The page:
The final session completed successfully with all the musicians agreeing that the results are fascinating and musically powerful. To summarise the process, there are three steps:
Four remotely located musicians (in Sweden, Sri Lanka/London, Brighton and Leicester) create or record sounds that are meaningful to them. Wearing Emotiv Insight EEG brain readers, they then categorise the sounds based on six performance metrics: engagement, excitement, focus, interest, relaxation, stress. These categorised sounds are then navigated by an app programmed in Python by Craig Vear, which triggers sounds every ten seconds based on the response of one of the brains to the heard sounds. This creates worlds of sound that represent or express the neurological presence of each musician.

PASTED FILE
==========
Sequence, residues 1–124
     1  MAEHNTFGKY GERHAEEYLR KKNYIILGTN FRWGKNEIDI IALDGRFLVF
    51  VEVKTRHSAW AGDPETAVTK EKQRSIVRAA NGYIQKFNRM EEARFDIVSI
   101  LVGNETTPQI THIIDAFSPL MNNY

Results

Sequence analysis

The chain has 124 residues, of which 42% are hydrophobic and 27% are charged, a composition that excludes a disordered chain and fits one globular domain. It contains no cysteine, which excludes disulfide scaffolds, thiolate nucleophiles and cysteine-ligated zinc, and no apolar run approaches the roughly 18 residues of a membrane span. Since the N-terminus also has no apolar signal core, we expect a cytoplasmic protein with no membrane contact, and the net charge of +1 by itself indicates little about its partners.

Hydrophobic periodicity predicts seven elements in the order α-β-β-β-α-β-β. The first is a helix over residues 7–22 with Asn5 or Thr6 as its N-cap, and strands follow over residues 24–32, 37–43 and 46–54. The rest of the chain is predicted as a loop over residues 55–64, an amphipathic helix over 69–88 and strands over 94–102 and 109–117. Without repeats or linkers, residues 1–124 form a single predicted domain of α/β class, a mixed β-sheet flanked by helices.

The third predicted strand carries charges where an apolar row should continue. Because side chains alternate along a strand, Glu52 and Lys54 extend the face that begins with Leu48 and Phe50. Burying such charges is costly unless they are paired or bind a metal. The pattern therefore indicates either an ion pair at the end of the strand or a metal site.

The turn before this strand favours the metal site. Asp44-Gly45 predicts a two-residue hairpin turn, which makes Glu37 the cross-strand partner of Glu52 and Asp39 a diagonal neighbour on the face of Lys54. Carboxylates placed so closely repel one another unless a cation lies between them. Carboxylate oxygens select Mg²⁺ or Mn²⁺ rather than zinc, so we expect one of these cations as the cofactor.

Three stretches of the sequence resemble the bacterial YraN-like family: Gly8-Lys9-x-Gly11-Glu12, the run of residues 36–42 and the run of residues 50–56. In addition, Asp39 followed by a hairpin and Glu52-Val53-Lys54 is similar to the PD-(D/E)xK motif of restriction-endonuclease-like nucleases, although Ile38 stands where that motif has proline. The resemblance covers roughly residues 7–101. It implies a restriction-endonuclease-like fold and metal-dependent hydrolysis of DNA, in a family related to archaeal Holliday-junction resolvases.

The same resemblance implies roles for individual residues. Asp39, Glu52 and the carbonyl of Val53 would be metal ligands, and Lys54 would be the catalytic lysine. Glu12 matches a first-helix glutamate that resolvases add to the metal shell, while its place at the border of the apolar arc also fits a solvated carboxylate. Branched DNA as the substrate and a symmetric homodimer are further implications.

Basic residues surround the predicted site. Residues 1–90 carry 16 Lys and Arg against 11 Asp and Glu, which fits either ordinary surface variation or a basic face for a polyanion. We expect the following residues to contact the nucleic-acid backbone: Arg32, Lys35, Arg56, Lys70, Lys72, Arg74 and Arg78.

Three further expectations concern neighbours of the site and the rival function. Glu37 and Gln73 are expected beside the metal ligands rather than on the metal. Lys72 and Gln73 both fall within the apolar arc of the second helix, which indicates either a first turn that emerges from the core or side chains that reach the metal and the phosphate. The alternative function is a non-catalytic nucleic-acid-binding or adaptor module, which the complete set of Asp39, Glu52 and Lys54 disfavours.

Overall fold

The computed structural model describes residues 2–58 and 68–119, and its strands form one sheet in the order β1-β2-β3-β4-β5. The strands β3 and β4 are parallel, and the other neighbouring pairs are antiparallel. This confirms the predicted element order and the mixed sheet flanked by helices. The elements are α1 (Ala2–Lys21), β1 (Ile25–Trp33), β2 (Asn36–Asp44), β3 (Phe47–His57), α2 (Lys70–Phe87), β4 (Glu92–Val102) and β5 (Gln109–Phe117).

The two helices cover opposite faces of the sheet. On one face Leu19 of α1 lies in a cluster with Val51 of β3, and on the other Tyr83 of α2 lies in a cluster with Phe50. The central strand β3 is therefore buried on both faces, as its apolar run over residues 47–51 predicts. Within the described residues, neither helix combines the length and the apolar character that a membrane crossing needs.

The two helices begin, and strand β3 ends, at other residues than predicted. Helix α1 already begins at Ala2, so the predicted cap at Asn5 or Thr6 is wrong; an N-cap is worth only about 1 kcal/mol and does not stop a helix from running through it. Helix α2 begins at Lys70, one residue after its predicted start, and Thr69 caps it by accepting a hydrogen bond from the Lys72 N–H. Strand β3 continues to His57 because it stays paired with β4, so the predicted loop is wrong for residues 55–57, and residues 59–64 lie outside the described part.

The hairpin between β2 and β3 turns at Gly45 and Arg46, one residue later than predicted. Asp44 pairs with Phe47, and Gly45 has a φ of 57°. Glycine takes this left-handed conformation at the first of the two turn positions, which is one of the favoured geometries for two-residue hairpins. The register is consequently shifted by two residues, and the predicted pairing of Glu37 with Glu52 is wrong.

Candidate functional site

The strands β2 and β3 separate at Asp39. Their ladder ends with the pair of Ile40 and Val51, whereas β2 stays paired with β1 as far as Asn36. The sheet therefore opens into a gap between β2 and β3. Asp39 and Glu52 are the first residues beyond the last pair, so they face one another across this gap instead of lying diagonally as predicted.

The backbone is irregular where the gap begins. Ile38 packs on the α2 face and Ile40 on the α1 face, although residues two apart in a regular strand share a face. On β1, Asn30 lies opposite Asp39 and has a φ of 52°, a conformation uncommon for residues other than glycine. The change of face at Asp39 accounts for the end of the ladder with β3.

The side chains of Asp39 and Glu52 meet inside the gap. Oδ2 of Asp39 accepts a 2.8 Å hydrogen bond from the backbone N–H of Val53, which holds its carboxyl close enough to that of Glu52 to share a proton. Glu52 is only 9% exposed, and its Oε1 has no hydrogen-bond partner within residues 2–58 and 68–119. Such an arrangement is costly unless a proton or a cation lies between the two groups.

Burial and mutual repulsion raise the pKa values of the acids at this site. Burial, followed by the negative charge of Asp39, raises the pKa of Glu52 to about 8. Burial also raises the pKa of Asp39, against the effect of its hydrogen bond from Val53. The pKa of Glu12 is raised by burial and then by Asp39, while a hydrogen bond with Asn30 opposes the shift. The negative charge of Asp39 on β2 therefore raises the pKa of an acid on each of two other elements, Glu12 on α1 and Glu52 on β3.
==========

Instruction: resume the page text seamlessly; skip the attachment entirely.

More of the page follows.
The process of creating syzygies begins. A syzygy is an alignment or correspondence of different entities. In Psychology, it represents the communication of conscious and unconscious minds. In Astronomy, it refers to events such as an eclipse. By merging the categorised sounds of two, then three, then all four, participating musicians, syzygies emerge when the brainwave reader selects sounds files. These may be heard on the Listen page The alingments occur as the result of an unconscious process, yet the sounding results reveal the correspondences, connections and differences between the four musicians.
Since one of the musicians, Elisabeth Wiklander, is a world-class cellist, some of the others (who are all composers), create some notations for her to perform. Simon Allen makes beautiful colour images, with suggestive instructions and graphical elements. Andrew Hugill creates more conventionally notated music, featuring some extended techniques. These cello elements are recorded by Elisabeth and then added to the quartet syzygies, creating a richer musical texture. At this stage, the brainwave readers are not used for this element. That is being saved up for a live performance.
This has resulted in the album and website, which are now available at the Digital Syzygies website.